AUTHOR:  Nickie Fleming
RATING 4 Stars
REVIEWED BY: Lucia Carter Keates

At the age of fourteen Maggie has to leave the orphanage and take up an offer of employment with Tobias Hadley. Tobias is a cruel man whose demands go well beyond domestic duties. When he attacks Maggie she hits him with  a candlestick and escapes. Cold and hungry after two days and nights in the bitter cold of Yorkshire's winter, Maggie collapses. She is found by Lord Neil Stoketon and taken to his mansion. As she begins to recover Neil finds himself attracted to the pretty, blonde haired girl whom he suspects may be of noble birth.
A black coach has been seen travelling the roads late at night. Every time the coach appears a young, blonde haired woman is found with her throat cut. The local villagers believe it is the work of the devil. And someone has been asking about Maggie.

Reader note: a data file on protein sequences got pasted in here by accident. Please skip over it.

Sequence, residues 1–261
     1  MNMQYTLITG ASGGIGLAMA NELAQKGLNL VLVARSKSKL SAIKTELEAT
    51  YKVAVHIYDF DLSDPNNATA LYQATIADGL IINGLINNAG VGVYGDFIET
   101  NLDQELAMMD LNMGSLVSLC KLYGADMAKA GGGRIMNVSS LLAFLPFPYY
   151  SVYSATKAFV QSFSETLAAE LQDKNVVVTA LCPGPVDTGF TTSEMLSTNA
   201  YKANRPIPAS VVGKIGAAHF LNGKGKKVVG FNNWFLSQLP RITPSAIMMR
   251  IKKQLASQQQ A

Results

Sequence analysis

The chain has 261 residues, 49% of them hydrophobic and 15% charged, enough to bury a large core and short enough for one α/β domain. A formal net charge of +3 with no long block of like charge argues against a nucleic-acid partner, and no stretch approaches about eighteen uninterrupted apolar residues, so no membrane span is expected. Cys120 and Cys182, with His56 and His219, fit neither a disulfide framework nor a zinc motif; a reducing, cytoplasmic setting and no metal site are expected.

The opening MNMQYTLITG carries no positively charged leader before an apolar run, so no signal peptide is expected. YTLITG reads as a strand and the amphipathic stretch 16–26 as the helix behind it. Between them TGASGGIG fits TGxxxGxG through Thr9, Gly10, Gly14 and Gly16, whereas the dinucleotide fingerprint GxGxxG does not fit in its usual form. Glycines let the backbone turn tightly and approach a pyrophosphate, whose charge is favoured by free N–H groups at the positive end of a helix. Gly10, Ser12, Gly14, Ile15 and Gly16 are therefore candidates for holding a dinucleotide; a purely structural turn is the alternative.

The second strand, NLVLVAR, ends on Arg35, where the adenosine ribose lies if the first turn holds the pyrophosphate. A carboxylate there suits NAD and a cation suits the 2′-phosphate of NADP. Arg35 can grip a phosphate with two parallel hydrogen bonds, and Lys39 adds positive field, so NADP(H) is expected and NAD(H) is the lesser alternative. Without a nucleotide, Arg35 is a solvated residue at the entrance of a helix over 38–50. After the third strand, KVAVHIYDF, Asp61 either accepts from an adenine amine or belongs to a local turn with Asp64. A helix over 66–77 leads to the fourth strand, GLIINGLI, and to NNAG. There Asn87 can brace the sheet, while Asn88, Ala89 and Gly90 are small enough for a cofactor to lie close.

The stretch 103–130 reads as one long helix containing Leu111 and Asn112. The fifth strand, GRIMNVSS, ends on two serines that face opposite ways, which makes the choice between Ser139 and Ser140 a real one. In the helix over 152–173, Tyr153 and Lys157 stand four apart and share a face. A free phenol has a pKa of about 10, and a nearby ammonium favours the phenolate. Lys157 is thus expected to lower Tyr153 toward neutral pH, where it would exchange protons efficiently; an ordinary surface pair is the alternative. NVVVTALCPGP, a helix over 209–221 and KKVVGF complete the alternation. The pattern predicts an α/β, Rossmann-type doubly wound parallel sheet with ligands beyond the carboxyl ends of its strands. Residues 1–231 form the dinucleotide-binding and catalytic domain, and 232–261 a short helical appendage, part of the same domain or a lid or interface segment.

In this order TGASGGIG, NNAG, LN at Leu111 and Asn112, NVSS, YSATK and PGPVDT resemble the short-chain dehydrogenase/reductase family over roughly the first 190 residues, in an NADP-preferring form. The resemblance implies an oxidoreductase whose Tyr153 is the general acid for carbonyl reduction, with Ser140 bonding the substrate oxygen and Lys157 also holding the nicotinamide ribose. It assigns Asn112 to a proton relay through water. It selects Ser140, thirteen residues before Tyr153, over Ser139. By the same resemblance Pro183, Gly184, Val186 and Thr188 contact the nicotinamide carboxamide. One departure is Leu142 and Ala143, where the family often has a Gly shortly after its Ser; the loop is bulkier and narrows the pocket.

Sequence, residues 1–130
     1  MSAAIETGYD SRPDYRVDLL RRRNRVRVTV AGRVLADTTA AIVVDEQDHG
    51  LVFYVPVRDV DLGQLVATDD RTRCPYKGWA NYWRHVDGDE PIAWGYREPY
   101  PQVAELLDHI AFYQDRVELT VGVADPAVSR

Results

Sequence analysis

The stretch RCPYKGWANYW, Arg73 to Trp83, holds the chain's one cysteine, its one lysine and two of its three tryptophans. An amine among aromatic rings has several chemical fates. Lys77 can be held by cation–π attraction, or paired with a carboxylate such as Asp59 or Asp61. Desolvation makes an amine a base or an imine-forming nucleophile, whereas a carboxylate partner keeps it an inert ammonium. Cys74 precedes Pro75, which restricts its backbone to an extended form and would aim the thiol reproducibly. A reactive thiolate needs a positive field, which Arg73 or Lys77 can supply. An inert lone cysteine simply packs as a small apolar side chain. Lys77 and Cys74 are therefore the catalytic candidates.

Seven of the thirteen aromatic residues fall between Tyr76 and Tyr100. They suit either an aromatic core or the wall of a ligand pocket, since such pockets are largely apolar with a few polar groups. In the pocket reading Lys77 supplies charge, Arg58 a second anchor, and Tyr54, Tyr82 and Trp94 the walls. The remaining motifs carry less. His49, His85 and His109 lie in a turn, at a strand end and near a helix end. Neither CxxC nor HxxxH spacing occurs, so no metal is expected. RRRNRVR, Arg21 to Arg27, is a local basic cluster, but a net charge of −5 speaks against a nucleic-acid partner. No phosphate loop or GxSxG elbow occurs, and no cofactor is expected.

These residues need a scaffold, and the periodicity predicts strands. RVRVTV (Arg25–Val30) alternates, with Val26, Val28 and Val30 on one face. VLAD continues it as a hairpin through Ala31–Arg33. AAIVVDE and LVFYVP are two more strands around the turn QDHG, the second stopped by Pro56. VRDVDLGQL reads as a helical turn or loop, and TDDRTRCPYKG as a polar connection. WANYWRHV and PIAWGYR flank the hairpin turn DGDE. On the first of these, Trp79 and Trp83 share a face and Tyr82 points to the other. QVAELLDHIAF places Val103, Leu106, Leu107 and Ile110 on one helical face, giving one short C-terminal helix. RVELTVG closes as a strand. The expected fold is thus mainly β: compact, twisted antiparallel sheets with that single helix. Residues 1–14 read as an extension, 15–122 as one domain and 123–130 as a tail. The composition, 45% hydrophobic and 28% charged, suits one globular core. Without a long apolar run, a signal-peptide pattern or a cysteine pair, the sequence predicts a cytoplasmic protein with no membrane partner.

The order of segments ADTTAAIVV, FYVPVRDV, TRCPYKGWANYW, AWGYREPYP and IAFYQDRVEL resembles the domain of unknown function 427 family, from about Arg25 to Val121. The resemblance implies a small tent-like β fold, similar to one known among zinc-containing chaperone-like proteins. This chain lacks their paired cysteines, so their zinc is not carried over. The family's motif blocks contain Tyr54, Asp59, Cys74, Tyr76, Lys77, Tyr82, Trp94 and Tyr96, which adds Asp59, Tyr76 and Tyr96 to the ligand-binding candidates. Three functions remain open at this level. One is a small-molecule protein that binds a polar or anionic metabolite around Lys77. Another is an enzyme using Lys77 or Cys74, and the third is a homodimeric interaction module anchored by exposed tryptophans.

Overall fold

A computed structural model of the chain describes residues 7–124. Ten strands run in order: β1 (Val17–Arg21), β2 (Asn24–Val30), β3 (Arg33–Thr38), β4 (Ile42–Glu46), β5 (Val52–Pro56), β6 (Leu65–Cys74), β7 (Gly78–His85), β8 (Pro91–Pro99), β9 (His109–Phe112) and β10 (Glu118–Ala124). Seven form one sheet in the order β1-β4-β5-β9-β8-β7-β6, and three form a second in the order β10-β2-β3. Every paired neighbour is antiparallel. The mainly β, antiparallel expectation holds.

Neil Stoketon is a bit of a recluse although he is often out late at night. His servants are sworn to secrecy. Maggie falls in love with Neil but when the police become suspicious of him, the black coach he travels in and his nocturnal visits to the cemetery, Maggie's life takes a dangerous turn.

I wanted to read this Gothic romance because it's set in Pickering, Yorkshire ( I used to live in Yorkshire). I thoroughly enjoyed reading the story. It's fast paced with plenty of dialogue and it keeps the reader's interest flowing. It never flags. I felt it lacked description with regards to the setting and certain scenes but did not detract from the story. I would definitely recommend you read it.